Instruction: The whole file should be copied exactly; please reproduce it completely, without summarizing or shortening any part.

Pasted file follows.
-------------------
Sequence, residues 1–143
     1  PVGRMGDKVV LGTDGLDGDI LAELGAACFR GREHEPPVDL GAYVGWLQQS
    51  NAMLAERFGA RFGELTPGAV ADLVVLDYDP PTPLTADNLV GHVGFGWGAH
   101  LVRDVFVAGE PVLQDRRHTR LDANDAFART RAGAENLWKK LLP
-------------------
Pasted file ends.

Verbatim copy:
Sequence, residues 1–143
     1  PVGRMGDKVV LGTDGLDGDI LAELGAACFR GREHEPPVDL GAYVGWLQQS
    51  NAMLAERFGA RFGELTPGAV ADLVVLDYDP PTPLTADNLV GHVGFGWGAH
   101  LVRDVFVAGE PVLQDRRHTR LDANDAFART RAGAENLWKK LLP